Warning sign for the economy: Consumers are getting grumpy


Sales dropped 1.9% compared with November, adjusted for seasonal swings, the Census Bureau reported Friday.

The decline in sales coincided with the surge in Covid cases due to the highly infectious Omicron variant. In July, the last time sales dropped, it was on the back of cases rising due to the Delta variant.

Restaurants and bars registered a 0.8% decline in sales in December as people stayed home to protect themselves against the virus, for example.

But there was more at play than Omicron alone.

Online retail witnessed a sharp 8.7% drop last month, likely because people shopped earlier for the holidays after stores and brands warned of possible shortages and delivery delays in the fall.

The pullback in retail sales is “disconcerting,” said Lydia Boussour, lead US economist at Oxford Economics. But she noted that holiday shopping season was longer than ever, with stores urging customers to get their gift buying done early to avoid shipping delays from the jammed supply chain.

Still, the weak end to the year doesn’t bode well for consumer spending, which is the backbone of the US economy.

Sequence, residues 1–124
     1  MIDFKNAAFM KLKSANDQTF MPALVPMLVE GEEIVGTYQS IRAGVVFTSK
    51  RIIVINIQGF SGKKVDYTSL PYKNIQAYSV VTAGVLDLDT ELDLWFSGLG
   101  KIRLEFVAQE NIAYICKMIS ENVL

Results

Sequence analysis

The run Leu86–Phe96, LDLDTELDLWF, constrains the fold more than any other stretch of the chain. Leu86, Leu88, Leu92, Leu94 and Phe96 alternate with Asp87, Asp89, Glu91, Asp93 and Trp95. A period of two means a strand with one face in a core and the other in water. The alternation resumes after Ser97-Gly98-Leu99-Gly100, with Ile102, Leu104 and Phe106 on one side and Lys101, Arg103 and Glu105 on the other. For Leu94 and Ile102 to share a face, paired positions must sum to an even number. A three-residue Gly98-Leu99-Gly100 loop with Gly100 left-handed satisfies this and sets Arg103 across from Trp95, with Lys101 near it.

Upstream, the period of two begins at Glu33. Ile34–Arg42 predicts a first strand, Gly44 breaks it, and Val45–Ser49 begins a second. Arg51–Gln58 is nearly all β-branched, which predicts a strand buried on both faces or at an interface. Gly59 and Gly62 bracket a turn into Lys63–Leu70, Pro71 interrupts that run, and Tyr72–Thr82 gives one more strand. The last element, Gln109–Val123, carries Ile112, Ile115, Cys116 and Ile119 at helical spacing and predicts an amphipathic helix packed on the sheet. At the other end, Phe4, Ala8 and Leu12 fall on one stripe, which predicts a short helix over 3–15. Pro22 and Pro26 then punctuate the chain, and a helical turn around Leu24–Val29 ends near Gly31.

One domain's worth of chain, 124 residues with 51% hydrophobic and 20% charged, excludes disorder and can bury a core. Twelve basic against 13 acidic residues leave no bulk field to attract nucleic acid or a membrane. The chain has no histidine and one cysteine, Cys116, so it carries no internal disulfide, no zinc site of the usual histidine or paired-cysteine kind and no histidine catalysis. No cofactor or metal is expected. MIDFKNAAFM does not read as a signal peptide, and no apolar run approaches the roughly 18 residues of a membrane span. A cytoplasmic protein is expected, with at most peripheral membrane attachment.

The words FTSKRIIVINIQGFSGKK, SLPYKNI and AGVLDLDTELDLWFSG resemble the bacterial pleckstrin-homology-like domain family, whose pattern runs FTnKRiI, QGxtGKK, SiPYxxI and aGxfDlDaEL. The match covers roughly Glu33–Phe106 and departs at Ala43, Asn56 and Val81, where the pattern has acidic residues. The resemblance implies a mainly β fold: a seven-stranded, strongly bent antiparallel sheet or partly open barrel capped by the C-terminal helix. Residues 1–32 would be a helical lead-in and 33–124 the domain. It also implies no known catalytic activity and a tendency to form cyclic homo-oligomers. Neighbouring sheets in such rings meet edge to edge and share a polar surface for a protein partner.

Weaker spending could weigh on economic growth in the final quarter of the year and slow momentum going into the first quarter of 2022, Boussour said.

On the whole, however, it was still a good year for the retail sector, with sales rising 19.3%.

“Consumer spending will remain the cornerstone of economic growth this year but the near-term path will be choppy amid surging Omicron cases,” she added.

Consumer spending should rebound in the spring, however, given the combination of a strong labor market, income growth and excess savings. That “will support above-trend consumption growth this year,” Boussour said.

Inflation and Covid variants weigh on consumer sentiment

Yet consumers aren’t feeling so hot at the moment. The start to 2022 has been rough, amid the Omicron surge and inflation that keeps trending higher.
Consumer sentiment dropped in January, according to preliminary data from the University of Michigan, falling to 68.8, or the second lowest level in a decade.

“While the Delta and Omicron variants certainly contributed to this downward shift, the decline was also due to an escalating inflation rate,” said Richard Curtin, chief economist of the Surveys of Consumers.

Lower income households felt more negative about inflation as well as the economic outlook, compared with higher income households.

A third of survey respondents said they were financially worse off than a year earlier, the worst reading since 2014. It was also more common for lower income households to report worsening finances.

Almost half of the surveyed consumers expect inflation to outpace their wage increases and lead to real income declines. Only 17% of respondents expected real income gains this year.

On top of that, “confidence in government economic policies is at its lowest level since 2014,” said Curtin.



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